Maya Angelou once said, “There is no greater agony than bearing an untold story inside you.”
When I was 13, no more than a month into my eighth grade year, I found out that I would be moving. As you can probably imagine, I was less than thrilled. Although I had a few months to gear up to leave my dad and my extended family, all of whom I’d never lived more than two hours from in my entire life, as well as everyone I had grown up with since Kindergarten, nothing could have prepared me for what it would feel like to watch it all disappear in the rearview of my Mom’s ’98 Honda Civic.
I’d be lying if I said that I was moving to West Virginia with an open heart and mind. The entire six-and-a-half-hour drive there I remember staring at myself in the passenger’s mirror agonizing over the way my brow had begun to furrow in a matter of hours simply at the thought of living in Hickory Town (my smart ass twist on the very biased name for West Virginia because my parents scolded me that if I said “hick” one more time I’d be forced to live on Hickory Lane). I was 13, I didn’t know any better—or something like that.
As soon as we pulled into our driveway nestled along Woodstone Drive, I ran up to my closet and fell asleep there to escape the reality of living in a place so far from everything I’ve ever known. After I awoke to the movers prodding me with a hanging rod, thinking I was either dead or severely mentally handicapped for opting for my closet instead of my bed, my parents sat me down in an attempt to change my spirits for the potential that this move held. For once, I silenced my teenage angst and decided to give them the benefit of the doubt—I was going to give West Virginia all that I had, all that it deserved. After all, what’s the point in living half-heartedly?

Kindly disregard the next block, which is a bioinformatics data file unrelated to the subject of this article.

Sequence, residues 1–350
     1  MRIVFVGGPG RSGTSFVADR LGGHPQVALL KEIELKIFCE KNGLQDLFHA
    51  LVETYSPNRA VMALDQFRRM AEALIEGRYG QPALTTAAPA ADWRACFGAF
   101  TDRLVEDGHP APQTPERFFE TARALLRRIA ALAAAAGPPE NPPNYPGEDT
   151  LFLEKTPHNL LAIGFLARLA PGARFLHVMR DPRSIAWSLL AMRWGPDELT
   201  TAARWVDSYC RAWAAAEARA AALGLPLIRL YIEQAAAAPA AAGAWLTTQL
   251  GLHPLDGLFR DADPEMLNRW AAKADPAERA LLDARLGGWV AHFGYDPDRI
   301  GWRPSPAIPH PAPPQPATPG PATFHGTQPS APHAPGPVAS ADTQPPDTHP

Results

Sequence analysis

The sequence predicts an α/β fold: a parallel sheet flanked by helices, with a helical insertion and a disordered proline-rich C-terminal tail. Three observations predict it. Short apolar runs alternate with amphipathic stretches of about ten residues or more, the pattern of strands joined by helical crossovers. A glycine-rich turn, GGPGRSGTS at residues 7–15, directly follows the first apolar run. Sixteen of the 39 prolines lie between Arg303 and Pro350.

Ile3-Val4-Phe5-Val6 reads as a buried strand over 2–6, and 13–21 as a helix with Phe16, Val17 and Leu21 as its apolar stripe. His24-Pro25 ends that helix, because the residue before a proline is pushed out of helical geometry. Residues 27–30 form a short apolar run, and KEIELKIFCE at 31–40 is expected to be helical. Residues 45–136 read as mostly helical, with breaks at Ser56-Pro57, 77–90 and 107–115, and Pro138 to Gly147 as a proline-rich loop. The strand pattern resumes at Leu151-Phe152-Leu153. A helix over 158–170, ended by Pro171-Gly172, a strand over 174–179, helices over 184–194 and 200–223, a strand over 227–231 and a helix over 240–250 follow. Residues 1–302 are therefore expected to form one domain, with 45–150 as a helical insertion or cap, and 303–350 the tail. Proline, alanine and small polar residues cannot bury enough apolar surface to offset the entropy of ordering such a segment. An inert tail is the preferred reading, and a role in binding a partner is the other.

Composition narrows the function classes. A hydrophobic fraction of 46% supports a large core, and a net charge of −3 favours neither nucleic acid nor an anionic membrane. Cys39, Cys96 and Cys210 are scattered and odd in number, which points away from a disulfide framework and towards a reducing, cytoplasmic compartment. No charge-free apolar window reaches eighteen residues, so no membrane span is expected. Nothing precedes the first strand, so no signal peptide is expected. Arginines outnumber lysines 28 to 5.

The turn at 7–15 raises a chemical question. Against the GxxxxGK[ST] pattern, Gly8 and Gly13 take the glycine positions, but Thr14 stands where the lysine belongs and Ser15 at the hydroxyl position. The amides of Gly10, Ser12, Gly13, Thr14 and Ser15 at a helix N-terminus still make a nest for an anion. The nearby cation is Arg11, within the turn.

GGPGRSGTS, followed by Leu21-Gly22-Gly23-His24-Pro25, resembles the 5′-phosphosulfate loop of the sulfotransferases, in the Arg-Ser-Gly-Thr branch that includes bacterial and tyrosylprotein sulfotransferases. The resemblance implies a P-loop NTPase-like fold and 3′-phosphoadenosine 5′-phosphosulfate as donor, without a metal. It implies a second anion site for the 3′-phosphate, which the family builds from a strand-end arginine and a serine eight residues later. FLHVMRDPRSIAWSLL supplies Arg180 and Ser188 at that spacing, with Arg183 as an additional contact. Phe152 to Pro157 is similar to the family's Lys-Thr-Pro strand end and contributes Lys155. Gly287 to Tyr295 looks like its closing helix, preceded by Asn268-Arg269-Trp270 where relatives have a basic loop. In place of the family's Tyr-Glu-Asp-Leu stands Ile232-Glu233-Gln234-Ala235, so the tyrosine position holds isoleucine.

All it took was a week to realize that I had been wrong about Hickory Town. The most welcoming peers and teachers, paired with the best cafeteria apple cinnamon cookies I’d ever had, paved the way for this strange new place to not only become worthy of being referred to by its real name, but also to be considered home.
I made countless wonderful memories in the six months between being the new girl and entering my freshman year of high school. I was coasting and loving life when I ran head on into what would become the beginning of my downfall. As a freshman in high school, there’s a certain level of naivety–a level that allowed me to not only think that he was just kidding when he said he was a senior, because come on, why would a senior want to date a freshman? But also to fall for it when I found out he wasn’t lying, at least not about his age. It’s that same naivety that allowed me to trust fully that they were just best friends and I had nothing to worry about. And when that was over and done with, a piece of my heart felt chipped, but I wasn’t going to let it affect my hopeless romantic spirit that I cherished so much. Two more boys, a million broken promises, entire lives fabricated by a web of stealthy lies and a Facebook apology for an incomprehensible act later, I wasn’t as resilient.